Ashtanga Yoga

8 branches - The path of unity

The path of change

1- YAMA

Inner purification (awareness of conditioning)

Ahimsah

Become aware of our violent thoughts

Satya

Truthfulness, sincere self-examination

Asteya

Become aware of the desire for possession

Brahmacharya

Become aware of the energy of life

Aparigraha

Become aware of mental concepts

2 - NIYAMA

External purification (consciousness of action)

Shaucha

Action without personal profit

Santosha

Satisfaction through acceptance of what is

tapah

Be determined to seek the source of consciousness

Svadhyaya

Seek to associate with the truth

Isvara Pranidana

Surrender to the divine (love)

3- ASANA

Physical purification (consciousness of the body

4 - PRANAYAMA

Subtle purification (developing awareness of the breath)

5 - PRATYAHARA

Withdrawal of the senses (conscious use of the 5 senses)

6 - DHARANA

Discernment (concentration)

7 - DHYANA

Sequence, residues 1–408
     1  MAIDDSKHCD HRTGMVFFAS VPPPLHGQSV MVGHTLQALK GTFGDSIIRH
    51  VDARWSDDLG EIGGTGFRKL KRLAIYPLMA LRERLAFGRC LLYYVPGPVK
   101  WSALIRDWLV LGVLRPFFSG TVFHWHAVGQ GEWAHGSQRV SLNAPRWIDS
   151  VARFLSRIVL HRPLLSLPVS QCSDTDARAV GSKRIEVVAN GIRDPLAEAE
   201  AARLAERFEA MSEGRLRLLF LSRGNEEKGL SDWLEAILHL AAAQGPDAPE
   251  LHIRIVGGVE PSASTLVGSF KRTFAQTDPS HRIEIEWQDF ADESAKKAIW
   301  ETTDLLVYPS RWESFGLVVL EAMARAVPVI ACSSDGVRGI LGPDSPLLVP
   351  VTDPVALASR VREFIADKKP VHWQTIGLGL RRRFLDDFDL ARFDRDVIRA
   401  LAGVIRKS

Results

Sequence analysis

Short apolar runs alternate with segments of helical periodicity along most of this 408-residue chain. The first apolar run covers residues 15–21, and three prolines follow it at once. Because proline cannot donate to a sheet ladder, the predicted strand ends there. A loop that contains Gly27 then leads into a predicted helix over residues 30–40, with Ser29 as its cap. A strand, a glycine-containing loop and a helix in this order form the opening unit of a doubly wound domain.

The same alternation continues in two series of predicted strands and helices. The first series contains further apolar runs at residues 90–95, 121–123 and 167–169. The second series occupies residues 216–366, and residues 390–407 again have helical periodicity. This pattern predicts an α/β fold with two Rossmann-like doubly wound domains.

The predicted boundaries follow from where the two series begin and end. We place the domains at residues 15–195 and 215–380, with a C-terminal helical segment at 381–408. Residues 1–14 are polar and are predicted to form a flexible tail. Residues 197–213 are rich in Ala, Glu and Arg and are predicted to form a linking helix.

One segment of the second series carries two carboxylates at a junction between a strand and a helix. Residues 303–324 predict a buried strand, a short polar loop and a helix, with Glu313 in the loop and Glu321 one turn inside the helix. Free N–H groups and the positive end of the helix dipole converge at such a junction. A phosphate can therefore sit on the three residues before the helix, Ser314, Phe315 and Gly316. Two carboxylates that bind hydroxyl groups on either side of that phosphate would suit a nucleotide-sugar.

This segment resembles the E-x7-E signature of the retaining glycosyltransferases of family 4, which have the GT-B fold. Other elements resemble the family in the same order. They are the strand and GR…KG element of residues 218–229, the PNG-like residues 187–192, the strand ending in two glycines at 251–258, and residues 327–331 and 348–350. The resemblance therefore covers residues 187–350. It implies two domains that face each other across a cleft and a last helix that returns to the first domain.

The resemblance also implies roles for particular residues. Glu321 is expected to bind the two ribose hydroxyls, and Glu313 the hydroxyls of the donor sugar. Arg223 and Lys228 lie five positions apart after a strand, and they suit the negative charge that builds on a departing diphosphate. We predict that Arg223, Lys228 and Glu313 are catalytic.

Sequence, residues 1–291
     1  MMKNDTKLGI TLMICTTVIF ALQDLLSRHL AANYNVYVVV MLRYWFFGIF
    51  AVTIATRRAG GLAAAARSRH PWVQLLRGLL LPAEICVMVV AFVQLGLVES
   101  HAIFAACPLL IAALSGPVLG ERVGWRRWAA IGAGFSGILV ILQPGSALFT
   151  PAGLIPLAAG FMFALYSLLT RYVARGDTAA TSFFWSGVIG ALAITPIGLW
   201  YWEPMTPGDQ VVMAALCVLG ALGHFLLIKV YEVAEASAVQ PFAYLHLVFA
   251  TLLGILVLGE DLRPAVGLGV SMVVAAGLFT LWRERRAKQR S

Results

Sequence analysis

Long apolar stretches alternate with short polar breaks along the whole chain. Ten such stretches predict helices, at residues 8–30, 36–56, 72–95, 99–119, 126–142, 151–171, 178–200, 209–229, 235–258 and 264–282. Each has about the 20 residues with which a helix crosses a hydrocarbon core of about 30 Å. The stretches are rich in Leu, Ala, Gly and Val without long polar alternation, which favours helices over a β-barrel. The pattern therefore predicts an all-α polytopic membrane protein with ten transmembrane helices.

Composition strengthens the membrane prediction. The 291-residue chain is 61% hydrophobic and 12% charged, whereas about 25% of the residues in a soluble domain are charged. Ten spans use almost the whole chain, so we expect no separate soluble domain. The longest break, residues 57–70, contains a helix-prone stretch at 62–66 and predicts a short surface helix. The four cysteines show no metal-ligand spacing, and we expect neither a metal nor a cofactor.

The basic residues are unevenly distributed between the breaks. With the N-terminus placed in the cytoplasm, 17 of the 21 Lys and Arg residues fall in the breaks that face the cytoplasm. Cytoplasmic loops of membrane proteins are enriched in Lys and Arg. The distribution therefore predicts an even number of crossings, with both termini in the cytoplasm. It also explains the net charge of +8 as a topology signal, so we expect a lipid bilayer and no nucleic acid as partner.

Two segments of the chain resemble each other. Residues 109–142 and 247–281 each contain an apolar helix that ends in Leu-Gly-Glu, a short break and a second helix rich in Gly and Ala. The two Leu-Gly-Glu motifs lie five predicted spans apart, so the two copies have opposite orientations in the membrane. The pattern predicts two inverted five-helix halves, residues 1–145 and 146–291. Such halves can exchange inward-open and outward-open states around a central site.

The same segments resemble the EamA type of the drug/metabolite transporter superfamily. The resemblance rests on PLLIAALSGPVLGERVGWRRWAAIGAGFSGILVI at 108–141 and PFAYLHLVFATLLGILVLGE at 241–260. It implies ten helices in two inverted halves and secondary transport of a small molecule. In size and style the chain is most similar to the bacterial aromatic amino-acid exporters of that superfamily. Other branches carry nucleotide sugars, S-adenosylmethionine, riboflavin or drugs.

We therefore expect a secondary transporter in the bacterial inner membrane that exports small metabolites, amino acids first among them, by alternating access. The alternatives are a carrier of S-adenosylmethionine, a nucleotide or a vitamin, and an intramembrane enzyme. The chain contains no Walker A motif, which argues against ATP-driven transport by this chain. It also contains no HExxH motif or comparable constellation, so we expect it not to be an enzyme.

State of being (meditation)
8 - SAMADHI

State of unity, totality, liberation (pure consciousness)

Are you ready to change ?

Ashtanga Yoga

ashta = eight | ang = branch | yoga = unity

Although the word Yoga can have several  meanings, we will qualify it by change, because now something will finally change, something that we are not used to, and by conviction that life conceals a mystery huge, but that it is possible to access with simplicity of mind. By openness to what is. The pure  existence, eternal and universal, Yoga reaches the hearts of men whether we see it or not.

Ashtanga finds its origins in the Sanskrit texts, expounded by the sage Patanjali, who was the first to systematize the path of classical yoga.

These are the stages that structure the logical progression through which the practitioner passes before reaching the state of Yoga.

They are all related to each other, and can be practiced simultaneously.

The first five branches (the external support) are the foundations of the last 3 (the internal practice).

The first two branches YAMA & NIYAMA are crucial, and are often the most neglected. Without these the practice has no meaning, and does not allow the process that the practice of yoga is supposed to bring, the upward inner transformation.